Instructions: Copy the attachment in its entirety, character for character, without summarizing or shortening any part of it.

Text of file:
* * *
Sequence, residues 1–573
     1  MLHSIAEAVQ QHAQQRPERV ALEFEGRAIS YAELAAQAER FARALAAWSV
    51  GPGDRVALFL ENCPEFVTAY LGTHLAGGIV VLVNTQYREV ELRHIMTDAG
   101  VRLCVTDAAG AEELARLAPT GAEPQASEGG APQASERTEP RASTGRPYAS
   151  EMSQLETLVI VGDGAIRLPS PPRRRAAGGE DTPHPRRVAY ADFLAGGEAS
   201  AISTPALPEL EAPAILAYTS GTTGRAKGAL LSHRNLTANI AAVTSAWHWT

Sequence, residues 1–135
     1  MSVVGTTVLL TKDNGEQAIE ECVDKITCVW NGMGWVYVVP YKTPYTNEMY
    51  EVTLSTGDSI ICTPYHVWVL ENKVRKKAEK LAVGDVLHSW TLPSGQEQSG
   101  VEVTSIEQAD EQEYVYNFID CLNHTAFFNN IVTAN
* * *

Sequence, residues 1–573
     1  MLHSIAEAVQ QHAQQRPERV ALEFEGRAIS YAELAAQAER FARALAAWSV
    51  GPGDRVALFL ENCPEFVTAY LGTHLAGGIV VLVNTQYREV ELRHIMTDAG
   101  VRLCVTDAAG AEELARLAPT GAEPQASEGG APQASERTEP RASTGRPYAS
   151  EMSQLETLVI VGDGAIRLPS PPRRRAAGGE DTPHPRRVAY ADFLAGGEAS
   201  AISTPALPEL EAPAILAYTS GTTGRAKGAL LSHRNLTANI AAVTSAWHWT

Sequence, residues 1–135
     1  MSVVGTTVLL TKDNGEQAIE ECVDKITCVW NGMGWVYVVP YKTPYTNEMY
    51  EVTLSTGDSI ICTPYHVWVL ENKVRKKAEK LAVGDVLHSW TLPSGQEQSG
   101  VEVTSIEQAD EQEYVYNFID CLNHTAFFNN IVTAN